Women prisoners haunt the modern era

President Obama decided not to release all of the torture pictures, but that’s already old news. What was the big deal, anyway? We already knew that torture happened; in fact, we signed on to that program a long time ago. It’s the story of our modern era, a story haunted by women prisoners.

The Women Behind Bars website shows a picture of a smiling, healthy young woman: “Gina Muniz, in 1998, before she was incarcerated in the LA County Jail and the California state prison system for her first arrest, related to the theft of $200 related to a rapid onset of drug addiction-in the aftermath of her father’s death. The theft was bizarrely classified as a carjacking, although no one was harmed, and no car was stolen. Muniz received life in prison; her lawyer told her she was agreeing to seven years when she pled guilty.” Her mother, Grace Ortega, took the photo. It must have been a happy occasion. Six months after Muniz was arrested, she was dead: “Gina Muniz, September 2000, handcuffed to her deathbed and under 24-hour-guard in Modesto Community Hospital. Next to her is her daughter Amanda. Gina suffered horribly for six months from diagnosed but untreated cervical cancer. When it was diagnosed in L.A. County Jail, early and aggressive treatment would more than likely have saved Gina’s life. Grace Ortega, her mother, was finally able to win compassionate release for her daughter two days before her death, so that she could die at home”. Her mother, Grace Ortega, took the photo. Compassionate release.

Today is June 3, 2009. Yesterday, “Texas carried out its 200th execution under the eight-and-a-half year governorship of Richard Perry on Tuesday. Terry Lee Hankins, 34, was executed by lethal injection shortly after 6pm Texas time. He had been sentenced to death in 2002 for the murder of two of his wife’s children in 2001. Terry Hankins was the 16th person to be executed in Texas this year, out of a national total of 30. This was the 1,166th execution to be carried out in the USA since judicial killing resumed there in 1977, with Texas accounting for 439 of them. Another five men are currently scheduled to be put to death in Texas by mid-September….Texas is home to about seven per cent of the population of the USA and is where fewer than 10 per cent of the country’s murders occur. The state accounts for 37 per cent of the USA’s executions since 1977, and 41 per cent since 2001.”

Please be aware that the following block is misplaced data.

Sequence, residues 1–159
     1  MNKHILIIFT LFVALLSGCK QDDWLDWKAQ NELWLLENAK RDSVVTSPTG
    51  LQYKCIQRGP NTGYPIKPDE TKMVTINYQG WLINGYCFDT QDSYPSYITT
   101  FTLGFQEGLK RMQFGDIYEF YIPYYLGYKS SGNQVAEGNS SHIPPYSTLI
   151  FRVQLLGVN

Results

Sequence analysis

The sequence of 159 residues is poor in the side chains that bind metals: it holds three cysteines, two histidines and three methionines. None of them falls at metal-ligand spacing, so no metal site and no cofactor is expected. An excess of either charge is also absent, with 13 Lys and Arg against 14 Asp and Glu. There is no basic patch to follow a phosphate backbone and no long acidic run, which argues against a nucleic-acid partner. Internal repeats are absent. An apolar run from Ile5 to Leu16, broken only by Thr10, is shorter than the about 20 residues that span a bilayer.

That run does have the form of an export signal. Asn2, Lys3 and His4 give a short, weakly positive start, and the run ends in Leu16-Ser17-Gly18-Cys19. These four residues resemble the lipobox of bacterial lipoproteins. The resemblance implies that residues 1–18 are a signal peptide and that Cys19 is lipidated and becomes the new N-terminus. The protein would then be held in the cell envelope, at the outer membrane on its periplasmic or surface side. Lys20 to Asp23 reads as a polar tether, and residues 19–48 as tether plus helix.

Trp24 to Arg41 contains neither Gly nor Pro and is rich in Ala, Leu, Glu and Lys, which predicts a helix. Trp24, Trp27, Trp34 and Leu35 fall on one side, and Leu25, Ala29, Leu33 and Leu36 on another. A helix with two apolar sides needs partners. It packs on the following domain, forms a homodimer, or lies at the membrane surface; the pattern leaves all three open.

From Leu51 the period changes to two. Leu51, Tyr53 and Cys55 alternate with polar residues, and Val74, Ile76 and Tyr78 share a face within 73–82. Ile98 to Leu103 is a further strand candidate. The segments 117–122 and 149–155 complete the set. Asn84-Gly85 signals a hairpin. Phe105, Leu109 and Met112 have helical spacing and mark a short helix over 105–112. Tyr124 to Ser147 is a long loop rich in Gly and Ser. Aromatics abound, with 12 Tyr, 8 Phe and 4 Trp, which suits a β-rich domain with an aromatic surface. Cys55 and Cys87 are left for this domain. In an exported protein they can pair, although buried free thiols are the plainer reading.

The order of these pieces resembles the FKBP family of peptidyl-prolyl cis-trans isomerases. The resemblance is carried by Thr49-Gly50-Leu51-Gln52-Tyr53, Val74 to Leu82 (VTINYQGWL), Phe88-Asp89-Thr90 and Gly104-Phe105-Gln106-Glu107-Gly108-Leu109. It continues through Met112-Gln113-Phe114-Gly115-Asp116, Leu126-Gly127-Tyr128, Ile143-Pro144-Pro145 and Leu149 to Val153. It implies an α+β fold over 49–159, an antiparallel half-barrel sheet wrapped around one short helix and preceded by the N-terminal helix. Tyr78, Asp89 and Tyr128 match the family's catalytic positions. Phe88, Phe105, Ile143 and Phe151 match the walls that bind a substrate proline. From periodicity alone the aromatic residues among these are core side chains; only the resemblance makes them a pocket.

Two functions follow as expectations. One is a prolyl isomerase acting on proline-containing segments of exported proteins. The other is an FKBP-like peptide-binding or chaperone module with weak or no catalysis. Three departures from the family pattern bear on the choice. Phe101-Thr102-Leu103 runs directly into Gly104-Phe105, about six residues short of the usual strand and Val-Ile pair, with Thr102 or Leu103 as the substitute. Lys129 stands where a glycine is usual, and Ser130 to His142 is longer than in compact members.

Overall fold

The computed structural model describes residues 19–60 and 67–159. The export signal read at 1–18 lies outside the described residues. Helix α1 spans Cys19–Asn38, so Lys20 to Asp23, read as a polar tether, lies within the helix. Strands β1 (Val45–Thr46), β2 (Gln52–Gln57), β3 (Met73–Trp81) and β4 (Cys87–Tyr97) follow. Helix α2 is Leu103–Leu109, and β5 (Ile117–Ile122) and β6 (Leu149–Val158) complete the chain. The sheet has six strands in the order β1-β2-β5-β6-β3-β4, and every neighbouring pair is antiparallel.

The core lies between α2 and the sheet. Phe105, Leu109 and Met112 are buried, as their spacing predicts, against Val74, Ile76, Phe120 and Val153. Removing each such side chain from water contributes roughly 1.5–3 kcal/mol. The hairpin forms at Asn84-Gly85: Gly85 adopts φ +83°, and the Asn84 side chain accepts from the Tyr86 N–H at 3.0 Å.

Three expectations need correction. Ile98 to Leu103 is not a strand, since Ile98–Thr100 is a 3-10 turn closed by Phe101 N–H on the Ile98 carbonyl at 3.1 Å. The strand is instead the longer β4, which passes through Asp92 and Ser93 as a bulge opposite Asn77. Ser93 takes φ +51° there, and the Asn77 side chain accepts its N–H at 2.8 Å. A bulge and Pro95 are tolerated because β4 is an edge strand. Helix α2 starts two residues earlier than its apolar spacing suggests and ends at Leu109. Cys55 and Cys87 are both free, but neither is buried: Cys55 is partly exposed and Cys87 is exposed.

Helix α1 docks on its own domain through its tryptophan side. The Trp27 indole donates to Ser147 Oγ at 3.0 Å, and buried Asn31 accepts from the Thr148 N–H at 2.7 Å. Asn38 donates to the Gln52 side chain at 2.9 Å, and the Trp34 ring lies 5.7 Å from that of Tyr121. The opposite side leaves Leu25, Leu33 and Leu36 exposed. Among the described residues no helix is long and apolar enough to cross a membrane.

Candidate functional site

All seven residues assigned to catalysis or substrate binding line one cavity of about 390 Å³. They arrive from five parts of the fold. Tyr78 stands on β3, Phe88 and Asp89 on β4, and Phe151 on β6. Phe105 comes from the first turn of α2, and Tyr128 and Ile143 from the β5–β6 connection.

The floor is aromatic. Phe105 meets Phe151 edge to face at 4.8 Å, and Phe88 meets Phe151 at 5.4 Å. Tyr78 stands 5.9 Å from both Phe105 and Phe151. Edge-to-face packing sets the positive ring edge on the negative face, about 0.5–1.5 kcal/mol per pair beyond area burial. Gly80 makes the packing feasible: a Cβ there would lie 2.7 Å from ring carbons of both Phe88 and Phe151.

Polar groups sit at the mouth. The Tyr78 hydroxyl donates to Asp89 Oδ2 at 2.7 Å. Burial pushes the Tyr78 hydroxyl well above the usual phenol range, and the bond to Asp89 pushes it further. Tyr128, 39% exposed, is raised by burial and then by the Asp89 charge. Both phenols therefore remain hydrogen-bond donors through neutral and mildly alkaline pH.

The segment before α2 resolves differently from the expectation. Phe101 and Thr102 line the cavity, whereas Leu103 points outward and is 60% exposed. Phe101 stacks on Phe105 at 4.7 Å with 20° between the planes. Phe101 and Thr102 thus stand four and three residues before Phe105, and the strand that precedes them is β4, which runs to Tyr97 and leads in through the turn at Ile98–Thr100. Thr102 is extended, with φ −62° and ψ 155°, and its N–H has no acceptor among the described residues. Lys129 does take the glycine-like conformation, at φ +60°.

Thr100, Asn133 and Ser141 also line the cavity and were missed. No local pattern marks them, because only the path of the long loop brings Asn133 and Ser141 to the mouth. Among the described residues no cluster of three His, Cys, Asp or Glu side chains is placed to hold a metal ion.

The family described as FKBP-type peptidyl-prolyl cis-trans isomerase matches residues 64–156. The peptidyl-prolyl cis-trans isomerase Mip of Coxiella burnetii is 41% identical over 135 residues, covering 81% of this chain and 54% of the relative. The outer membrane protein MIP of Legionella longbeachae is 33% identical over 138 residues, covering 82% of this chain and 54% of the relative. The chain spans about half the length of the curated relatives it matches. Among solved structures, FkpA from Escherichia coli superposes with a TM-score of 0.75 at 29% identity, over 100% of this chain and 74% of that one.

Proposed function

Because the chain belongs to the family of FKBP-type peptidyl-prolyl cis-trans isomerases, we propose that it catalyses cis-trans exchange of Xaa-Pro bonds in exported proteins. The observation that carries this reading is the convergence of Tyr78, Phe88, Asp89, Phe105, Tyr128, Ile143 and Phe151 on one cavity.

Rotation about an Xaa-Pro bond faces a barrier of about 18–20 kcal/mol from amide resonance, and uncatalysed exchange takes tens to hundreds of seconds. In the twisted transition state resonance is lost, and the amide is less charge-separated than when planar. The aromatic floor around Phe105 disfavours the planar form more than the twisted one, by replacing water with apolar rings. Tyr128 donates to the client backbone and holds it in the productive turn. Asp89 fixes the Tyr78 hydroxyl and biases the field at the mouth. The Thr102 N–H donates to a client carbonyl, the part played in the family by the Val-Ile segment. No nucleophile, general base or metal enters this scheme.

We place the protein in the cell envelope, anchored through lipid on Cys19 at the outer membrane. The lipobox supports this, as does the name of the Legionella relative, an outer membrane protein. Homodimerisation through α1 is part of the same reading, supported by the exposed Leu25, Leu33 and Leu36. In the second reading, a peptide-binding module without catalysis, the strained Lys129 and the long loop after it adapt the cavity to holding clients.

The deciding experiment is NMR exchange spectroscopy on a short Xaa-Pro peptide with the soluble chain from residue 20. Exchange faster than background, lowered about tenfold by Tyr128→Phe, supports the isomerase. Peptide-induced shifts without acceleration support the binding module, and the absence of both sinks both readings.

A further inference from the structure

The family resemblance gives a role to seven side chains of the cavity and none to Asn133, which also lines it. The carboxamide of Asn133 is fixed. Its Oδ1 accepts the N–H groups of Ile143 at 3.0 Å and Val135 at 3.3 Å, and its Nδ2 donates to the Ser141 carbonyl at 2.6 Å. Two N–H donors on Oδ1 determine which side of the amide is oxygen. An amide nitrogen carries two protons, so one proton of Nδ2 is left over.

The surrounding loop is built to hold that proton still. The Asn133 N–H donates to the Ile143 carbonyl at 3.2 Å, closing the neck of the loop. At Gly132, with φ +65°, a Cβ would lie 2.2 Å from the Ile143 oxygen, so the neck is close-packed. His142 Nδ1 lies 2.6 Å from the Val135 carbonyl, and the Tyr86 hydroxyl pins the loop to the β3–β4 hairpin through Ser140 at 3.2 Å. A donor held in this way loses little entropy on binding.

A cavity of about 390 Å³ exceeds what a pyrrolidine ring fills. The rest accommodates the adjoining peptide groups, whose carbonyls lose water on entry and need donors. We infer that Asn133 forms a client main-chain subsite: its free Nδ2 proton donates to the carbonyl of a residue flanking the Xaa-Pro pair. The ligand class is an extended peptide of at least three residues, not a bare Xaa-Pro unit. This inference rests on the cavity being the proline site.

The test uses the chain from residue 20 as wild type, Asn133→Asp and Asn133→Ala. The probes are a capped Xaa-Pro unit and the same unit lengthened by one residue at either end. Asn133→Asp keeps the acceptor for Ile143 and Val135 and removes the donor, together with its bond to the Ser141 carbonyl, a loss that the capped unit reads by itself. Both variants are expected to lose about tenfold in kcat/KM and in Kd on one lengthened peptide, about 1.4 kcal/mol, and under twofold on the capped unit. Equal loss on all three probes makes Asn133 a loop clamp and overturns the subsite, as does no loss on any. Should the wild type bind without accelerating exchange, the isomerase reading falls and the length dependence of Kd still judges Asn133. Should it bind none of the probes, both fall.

In America, bad men wear pink underwear. In Texas, bad men are executed. Bad women, too, like Frances Newton. In 2005, “40-year-old Frances Newton became the third woman to be executed by the state of Texas since 1982 (and the first African American woman in the modern era) despite the strong possibility that she was innocent.” What exactly is this modern era? Francis Newton was “only the third woman executed by the state of Texas since 1982, and the first black woman executed since the Civil War. Unique in that historical sense, in other ways the Frances Newton case is painfully unexceptional.” Since the Civil War, since 1865? Francis Newton was the third woman executed in Texas since 1982, and the first Black woman since the mid 1800s. Francis Newton is the modern era, and the modern era goes way back.

On May 20, 2009, the New York State Legislature passed Bill S01290A, which “Provides for the care and custody of pregnant female inmates before, during and after delivery; prohibits the use of restraints of any kind from being used during the transport of such female prisoner to a hospital for the purpose of giving birth, unless such prisoner is a substantial flight risk whereupon handcuffs may be used; prohibits the use of any restraints during labor; requires the presence of corrections personnel during such prisoner’s transport to and from the hospital and during her stay at such hospital.” It’s called an anti-shackling measure: “the new law will make New York one of just  four states in the country that restrict the use of restraints on incarcerated women during pregnancy or childbirth. California and Illinois were the first to put any legal limits on the practice — in both cases, after a series of lawsuits forced the states to overhaul their disastrously inadequate prison healthcare systems. Before the restriction, in Illinois, it was standard practice to chain female inmates to their hospital beds before, during and after the births of their babies. As one advocate told the New York Times, “What was common was one wrist and one ankle.” (A policy that, frighteningly enough, looks positively benevolent compared to Kansas’s, North Carolina’s and Washington’s, which allow women to be locked in belly chains and leg irons while they’re in labor, according to a 2006 investigation by Amnesty International.)” Four states restrict shackles for women prisoners during childbirth. Four. That leaves 46 states to go.

Women prisoners haunt the modern era: some die of lethal neglect, others die by lethal injection, others in shackles bear children. We signed on to this program a long time ago.

(Photo Credit: California Coalition for Women Prisoners)

About Dan Moshenberg

Dan Moshenberg is an organizer educator who has worked with various social movements in the United States and South Africa. Find him on Twitter at @danwibg.